by Shaun Knittel -
SGN Staff Writer
On November 3, Washingtonians will be asked to vote to approve or reject Referendum 71. After months of signature gathering and an exhausting, nail-biting, down-to-the-wire signature check, the fate of the nearly 6,000 same-sex domestic partners in the state will be decided during Washington's first statewide all-mail-in vote.
The State Elections Division began printing Voters Pamphlets and county ballots on September 10. By law, the Voters Pamphlet is required to carry every single word of the legislation.
The R-71 ballot summary says, "Same-sex couples, or any couple that includes one person age 62 or older, may register as a domestic partnership with the state. Registered domestic partnerships are not marriages, and marriage is prohibited except between one man and one woman. This bill would expand the rights, responsibilities, and obligations of registered domestic partners and their families to include all rights, responsibilities, and obligations granted by or imposed by state law on married couples and their families."
On November 3, voters will be asked to approve the referendum, meaning they support the extended benefits for registered same-sex domestic partnerships, or reject, meaning they do not wish to see domestic partners in Washington receive all rights, responsibilities, and obligations granted by or imposed by state law on married couples.
With just six weeks until ballots are mailed and eight weeks until they are due, Washington Families Standing Together (WAFST), the LGBT advocacy group leading the Approve Referendum 71 Campaign, has shifted gears from litigation to action.
WAFST Chair Anne Levinson said the fight isn't about the interpretation of referenda status because "something far more important is at stake."
"There are nearly 6,000 couples - 12,000 individuals - many of whom have children, who are registered as domestic partners in our state. They live in every county, in all parts of the state," Levinson told SGN. "The domestic partnership law ensures that all of these families have the same protections, rights, and responsibilities as their neighbors. The law guarantees that they will be treated fairly, especially in times of crisis."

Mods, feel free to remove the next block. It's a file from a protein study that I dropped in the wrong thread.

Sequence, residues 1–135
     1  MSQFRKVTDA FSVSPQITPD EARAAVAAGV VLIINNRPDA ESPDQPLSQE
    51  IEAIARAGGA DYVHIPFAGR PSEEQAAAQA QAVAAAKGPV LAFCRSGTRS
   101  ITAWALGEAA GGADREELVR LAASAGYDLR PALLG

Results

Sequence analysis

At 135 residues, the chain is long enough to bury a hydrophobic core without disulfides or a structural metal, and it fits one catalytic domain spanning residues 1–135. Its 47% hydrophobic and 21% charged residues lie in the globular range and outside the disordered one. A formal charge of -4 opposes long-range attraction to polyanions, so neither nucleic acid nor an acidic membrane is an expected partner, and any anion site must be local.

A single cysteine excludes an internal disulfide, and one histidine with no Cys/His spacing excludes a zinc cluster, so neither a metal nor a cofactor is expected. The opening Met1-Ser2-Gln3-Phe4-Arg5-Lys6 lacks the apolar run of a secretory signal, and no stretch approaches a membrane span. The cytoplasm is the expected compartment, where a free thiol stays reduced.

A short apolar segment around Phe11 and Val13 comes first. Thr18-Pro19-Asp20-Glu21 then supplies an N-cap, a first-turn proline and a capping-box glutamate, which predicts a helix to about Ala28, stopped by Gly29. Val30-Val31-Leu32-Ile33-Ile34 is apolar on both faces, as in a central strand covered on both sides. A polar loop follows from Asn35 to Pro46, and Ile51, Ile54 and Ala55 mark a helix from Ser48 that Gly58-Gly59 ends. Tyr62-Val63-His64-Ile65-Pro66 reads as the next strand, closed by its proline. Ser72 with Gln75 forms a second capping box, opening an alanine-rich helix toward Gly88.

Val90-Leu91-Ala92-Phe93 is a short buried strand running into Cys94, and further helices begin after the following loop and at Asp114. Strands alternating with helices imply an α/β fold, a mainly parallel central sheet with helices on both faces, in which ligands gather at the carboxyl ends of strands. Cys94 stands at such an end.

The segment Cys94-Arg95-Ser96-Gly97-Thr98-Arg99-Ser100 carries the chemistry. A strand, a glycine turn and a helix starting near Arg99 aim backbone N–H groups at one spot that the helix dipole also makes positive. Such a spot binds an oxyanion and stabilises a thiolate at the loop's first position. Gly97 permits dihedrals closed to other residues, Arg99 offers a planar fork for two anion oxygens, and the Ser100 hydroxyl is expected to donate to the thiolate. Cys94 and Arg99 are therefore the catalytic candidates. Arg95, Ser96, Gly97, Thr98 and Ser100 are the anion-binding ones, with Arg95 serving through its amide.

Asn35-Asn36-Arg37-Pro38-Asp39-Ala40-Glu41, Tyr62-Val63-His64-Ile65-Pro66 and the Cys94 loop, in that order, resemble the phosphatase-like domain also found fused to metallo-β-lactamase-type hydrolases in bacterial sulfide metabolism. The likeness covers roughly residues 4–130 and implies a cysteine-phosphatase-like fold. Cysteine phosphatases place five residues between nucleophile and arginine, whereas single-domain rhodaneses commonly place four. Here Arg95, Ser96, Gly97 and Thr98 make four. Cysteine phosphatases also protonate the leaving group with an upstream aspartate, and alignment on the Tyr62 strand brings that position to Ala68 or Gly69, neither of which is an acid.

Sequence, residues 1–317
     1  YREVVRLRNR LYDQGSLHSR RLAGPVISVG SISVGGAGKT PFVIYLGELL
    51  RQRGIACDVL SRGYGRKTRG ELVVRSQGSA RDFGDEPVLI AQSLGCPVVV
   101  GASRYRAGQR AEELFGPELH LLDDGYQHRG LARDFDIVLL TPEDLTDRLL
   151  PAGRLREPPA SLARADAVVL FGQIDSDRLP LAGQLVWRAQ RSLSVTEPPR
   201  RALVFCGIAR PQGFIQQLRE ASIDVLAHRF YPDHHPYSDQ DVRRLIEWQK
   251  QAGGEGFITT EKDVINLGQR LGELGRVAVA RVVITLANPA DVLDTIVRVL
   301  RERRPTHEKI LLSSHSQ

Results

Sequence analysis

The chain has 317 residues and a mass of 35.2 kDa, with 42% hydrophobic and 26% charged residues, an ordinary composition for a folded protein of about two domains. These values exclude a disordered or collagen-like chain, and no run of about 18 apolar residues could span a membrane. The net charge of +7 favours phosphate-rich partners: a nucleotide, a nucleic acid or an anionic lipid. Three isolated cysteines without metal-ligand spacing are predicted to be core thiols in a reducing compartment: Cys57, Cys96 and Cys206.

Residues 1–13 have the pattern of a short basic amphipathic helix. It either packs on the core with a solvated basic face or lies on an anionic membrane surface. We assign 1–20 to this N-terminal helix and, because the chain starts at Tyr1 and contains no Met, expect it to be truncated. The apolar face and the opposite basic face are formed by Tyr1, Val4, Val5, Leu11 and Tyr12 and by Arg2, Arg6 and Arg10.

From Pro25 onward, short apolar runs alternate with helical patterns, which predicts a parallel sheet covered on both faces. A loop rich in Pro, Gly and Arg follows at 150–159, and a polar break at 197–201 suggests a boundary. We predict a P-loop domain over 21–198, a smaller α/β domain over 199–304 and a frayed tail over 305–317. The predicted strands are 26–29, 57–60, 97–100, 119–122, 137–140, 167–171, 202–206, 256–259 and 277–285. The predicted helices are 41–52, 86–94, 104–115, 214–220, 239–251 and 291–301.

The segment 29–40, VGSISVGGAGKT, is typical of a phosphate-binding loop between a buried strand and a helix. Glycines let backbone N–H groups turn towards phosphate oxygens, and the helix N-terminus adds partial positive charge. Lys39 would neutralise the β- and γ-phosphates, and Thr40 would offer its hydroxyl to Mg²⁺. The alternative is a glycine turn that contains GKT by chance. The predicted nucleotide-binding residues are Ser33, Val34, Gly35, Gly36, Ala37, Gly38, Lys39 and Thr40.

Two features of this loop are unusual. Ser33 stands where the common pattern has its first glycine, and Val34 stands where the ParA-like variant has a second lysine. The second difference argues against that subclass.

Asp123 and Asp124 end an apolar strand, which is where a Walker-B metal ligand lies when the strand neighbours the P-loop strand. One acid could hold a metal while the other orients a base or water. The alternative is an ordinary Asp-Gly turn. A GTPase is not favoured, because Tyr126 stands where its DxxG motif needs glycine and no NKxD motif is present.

Levinson said some domestic partners are seniors. She said often seniors can't marry without sacrificing hard-earned social security, military or pension benefits. Others, she said, are Gay and Lesbian couples who rely on the domestic partnership law to provide essential protections to their benefits.
"It was for these families that more than 155 organizations joined together to form the Washington Families Standing Together's Approve 71 Campaign," Levinson said. "To take a stand in support of the domestic partnership law."
Levinson said it is on behalf of "these families that more than 70 volunteers spent every day from the end of July through September 2, observing the signature verification process." She said they participated respectfully throughout, solely for the purpose of wanting to ensure that the referendum process was fair, accurate and consistent with law.
Levinson says that even though volunteers observed what they perceived as errors, the Secretary of State certified the measure last week.
"Although WAFST believes this determination may in fact be in error, WAFST must instead focus it efforts on Election Day," she told SGN.
"Ballots for Washington's November 3 General Election get mailed to voters in six weeks," Levinson said, adding, "The Approve 71 Campaign is reaching out to voters across the state to let them know they need to vote "approve" on R-71 to keep the domestic partnership law so that all families are treated fairly and equally in our state."
One direction the campaign has taken is to educate communities beyond Seattle's borders. WAFST has set up a number of "Approve 71" community organizing meetings in Bellingham, Everett, Kitsap, Olympia, Spokane, Tacoma, the Tri-Cities, Vancouver, and Yakima. WAFST officials are asking LGBT persons to bring their friends and family to join the thousands of other volunteers in their community in hopes of preserving the existing domestic partnership law.